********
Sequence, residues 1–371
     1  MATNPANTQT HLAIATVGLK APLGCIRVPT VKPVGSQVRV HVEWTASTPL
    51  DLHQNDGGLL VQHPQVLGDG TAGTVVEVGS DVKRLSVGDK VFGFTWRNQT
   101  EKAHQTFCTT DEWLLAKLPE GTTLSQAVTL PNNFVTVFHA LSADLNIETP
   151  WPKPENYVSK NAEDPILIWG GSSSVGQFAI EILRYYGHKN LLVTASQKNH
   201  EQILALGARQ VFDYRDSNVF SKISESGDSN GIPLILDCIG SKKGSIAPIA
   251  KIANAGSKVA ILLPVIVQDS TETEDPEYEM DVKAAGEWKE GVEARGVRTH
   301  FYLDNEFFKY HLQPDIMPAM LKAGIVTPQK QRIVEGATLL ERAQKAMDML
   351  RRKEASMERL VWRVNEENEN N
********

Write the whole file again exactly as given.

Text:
Sequence, residues 1–371
     1  MATNPANTQT HLAIATVGLK APLGCIRVPT VKPVGSQVRV HVEWTASTPL
    51  DLHQNDGGLL VQHPQVLGDG TAGTVVEVGS DVKRLSVGDK VFGFTWRNQT
   101  EKAHQTFCTT DEWLLAKLPE GTTLSQAVTL PNNFVTVFHA LSADLNIETP
   151  WPKPENYVSK NAEDPILIWG GSSSVGQFAI EILRYYGHKN LLVTASQKNH
   201  EQILALGARQ VFDYRDSNVF SKISESGDSN GIPLILDCIG SKKGSIAPIA
   251  KIANAGSKVA ILLPVIVQDS TETEDPEYEM DVKAAGEWKE GVEARGVRTH
   301  FYLDNEFFKY HLQPDIMPAM LKAGIVTPQK QRIVEGATLL ERAQKAMDML
   351  RRKEASMERL VWRVNEENEN N